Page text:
Episode 2 Garrow's Law


Episode 2

Period drama. William Garrow, now a celebrated barrister, defends a man accused of being the infamous Monster, responsible for a series of stabbings of young ladies across London.


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Transcript


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I will be an Old Bailey barrister.

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-I have both to serve me?

-You are instructed.

-This goes very well.

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-Who is this?

-William Garrow.

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Court shall rise!

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Two hangings before lunch. I recommend the broth.

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And I recommend you read your brief, again.

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-Guilty.

-No! No!

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I will pay for Mr Garrow.

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This young woman may be executed in consequence of your evidence. Will you not venture to recall?

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My husband would consider my participation in this an infidelity.

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Not guilty.

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Hurry up with that!

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The prosecutor is a gentleman...

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-I've read the brief.

-..Of Cavendish Square!

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-Julius Champion Crespigny.

-Pronounced Crapeney.

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What I mean to say is, be careful.

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You are not invulnerable, William.

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-And how will I defend William Haywood?

-Indeed, how will you?

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He shall not speak and I shall not call witnesses.

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He shall be innocent until proven otherwise.

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Mr Crespigny shall have to prove guilt.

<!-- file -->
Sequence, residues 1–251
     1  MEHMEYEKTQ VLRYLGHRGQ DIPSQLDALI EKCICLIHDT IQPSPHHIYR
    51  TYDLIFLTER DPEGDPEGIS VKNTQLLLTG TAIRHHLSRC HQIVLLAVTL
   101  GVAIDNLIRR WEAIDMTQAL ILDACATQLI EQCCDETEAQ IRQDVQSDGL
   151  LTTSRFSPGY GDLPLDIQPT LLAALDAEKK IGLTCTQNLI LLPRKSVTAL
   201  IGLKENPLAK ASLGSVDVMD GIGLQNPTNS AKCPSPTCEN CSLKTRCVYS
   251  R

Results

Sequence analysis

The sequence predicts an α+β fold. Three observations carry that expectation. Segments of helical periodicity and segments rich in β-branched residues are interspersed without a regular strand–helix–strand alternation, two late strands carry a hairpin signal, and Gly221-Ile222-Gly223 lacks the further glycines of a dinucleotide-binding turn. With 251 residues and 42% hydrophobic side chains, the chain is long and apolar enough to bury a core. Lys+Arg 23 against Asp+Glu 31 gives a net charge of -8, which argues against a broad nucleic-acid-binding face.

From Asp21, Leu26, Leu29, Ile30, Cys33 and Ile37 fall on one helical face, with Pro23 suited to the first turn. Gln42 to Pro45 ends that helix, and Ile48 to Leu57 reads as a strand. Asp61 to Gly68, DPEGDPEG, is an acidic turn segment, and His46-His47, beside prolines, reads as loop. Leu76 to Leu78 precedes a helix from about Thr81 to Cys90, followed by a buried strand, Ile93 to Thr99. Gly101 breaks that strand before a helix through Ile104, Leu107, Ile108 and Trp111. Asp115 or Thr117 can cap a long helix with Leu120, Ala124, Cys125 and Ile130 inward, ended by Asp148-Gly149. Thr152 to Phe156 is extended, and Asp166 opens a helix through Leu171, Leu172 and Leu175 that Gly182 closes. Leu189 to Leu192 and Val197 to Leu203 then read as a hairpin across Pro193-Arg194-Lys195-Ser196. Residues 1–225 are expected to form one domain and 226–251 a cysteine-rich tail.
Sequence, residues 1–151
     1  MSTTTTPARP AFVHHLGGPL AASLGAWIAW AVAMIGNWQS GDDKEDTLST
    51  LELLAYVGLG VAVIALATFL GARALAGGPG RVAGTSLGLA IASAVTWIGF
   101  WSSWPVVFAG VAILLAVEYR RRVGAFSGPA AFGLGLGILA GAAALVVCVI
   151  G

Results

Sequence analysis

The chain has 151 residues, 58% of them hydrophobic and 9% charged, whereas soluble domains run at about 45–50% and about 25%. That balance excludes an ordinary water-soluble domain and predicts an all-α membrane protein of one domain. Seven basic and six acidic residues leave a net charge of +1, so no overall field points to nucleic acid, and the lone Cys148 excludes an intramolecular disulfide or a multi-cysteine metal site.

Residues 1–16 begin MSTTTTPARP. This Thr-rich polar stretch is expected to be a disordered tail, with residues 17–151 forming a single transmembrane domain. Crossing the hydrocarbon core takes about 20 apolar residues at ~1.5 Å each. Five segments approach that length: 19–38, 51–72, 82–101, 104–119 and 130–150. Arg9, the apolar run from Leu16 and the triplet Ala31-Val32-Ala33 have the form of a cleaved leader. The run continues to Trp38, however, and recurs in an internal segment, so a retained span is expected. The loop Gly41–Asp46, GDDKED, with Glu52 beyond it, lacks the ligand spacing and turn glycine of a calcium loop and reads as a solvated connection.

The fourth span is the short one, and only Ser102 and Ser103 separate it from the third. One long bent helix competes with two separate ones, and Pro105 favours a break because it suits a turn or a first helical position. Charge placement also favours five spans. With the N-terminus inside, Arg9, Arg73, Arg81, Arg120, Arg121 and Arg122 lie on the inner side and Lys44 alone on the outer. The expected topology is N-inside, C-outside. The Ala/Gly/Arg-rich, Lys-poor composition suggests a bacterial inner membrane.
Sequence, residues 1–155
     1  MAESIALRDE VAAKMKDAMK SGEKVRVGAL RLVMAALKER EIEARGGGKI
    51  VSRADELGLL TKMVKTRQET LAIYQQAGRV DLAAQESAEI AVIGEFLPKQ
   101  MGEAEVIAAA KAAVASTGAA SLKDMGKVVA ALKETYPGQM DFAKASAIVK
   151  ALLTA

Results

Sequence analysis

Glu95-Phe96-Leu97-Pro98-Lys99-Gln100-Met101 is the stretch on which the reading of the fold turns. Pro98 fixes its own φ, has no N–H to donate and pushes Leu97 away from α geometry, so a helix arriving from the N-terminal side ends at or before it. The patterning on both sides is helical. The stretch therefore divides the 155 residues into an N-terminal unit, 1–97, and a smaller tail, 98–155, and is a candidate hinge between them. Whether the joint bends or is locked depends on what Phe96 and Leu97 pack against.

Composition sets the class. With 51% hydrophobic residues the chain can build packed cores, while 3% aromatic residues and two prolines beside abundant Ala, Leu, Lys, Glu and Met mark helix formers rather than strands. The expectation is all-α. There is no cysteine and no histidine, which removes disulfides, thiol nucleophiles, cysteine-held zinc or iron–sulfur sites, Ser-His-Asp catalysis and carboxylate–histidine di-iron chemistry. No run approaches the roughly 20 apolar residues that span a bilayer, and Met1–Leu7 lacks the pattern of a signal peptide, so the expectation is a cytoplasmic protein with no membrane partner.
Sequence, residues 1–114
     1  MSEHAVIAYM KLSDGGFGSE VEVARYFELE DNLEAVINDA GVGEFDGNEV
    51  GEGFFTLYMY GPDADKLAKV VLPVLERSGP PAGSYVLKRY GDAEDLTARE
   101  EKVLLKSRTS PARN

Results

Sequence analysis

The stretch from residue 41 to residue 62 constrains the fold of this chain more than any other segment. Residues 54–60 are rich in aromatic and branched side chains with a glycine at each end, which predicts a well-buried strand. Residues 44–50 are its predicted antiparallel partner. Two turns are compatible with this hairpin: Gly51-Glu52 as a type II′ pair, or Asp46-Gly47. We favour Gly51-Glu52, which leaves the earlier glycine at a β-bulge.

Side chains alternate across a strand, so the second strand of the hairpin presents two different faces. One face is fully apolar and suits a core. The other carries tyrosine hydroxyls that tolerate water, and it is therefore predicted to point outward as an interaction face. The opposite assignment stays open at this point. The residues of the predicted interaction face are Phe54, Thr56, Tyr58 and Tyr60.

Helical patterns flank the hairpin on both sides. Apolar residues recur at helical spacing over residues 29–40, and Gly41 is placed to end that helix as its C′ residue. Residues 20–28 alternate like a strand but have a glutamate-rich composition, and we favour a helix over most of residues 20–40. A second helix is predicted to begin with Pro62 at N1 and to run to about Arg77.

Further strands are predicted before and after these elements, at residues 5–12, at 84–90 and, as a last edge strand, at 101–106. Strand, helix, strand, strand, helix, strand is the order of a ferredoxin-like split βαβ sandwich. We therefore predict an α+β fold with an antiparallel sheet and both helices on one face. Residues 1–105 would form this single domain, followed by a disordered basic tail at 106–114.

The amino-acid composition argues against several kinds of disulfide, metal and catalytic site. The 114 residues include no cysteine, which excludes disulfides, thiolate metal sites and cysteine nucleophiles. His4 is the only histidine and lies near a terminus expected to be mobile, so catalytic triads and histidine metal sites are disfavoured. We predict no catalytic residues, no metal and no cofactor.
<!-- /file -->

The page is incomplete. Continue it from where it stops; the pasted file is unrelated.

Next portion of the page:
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And with my assistance, he shall not.

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William Haywood was indicted for stealing, on 21st August last,

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one pair of plated chariot harness, valued ten shillings,

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the property of William Champion Crespigny Esquire.

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-How do you plead?

-Not guilty, sir.

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Call William Crespigny!

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I think he said he'd meet us in an hour.

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Oh! Maria!

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Some assistance here!

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For God's sake, some assistance!

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Mr Haywood was my coachman a very few months.

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He quitted it the 12th of August.

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I paid him his wages and went to the country.

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After I had been in Berkshire three or four weeks,

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I wrote to town for the old harness and it did not come.

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-Why write for the old harness, Mr Crespigny?

-I required it.

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I see. And you have two coaches?

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-I have one.

-Ah, well... I am indeed sorry for that.

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Mr Garrow!

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Sir, but one coach and you required, all of a sudden, two harnesses?